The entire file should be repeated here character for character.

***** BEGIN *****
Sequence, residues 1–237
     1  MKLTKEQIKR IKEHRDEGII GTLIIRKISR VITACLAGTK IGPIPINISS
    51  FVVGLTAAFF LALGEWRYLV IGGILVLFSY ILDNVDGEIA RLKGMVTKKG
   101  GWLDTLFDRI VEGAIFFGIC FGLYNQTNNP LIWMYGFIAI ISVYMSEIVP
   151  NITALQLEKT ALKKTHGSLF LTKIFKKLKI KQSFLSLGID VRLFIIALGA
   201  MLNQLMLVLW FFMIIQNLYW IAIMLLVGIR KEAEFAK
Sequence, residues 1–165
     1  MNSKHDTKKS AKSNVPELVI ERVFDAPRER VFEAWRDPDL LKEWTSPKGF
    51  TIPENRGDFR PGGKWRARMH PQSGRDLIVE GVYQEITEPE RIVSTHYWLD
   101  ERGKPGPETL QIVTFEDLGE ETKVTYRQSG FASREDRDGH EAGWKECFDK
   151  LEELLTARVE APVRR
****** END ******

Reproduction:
Sequence, residues 1–237
     1  MKLTKEQIKR IKEHRDEGII GTLIIRKISR VITACLAGTK IGPIPINISS
    51  FVVGLTAAFF LALGEWRYLV IGGILVLFSY ILDNVDGEIA RLKGMVTKKG
   101  GWLDTLFDRI VEGAIFFGIC FGLYNQTNNP LIWMYGFIAI ISVYMSEIVP
   151  NITALQLEKT ALKKTHGSLF LTKIFKKLKI KQSFLSLGID VRLFIIALGA
   201  MLNQLMLVLW FFMIIQNLYW IAIMLLVGIR KEAEFAK
Sequence, residues 1–165
     1  MNSKHDTKKS AKSNVPELVI ERVFDAPRER VFEAWRDPDL LKEWTSPKGF
    51  TIPENRGDFR PGGKWRARMH PQSGRDLIVE GVYQEITEPE RIVSTHYWLD
   101  ERGKPGPETL QIVTFEDLGE ETKVTYRQSG FASREDRDGH EAGWKECFDK
   151  LEELLTARVE APVRR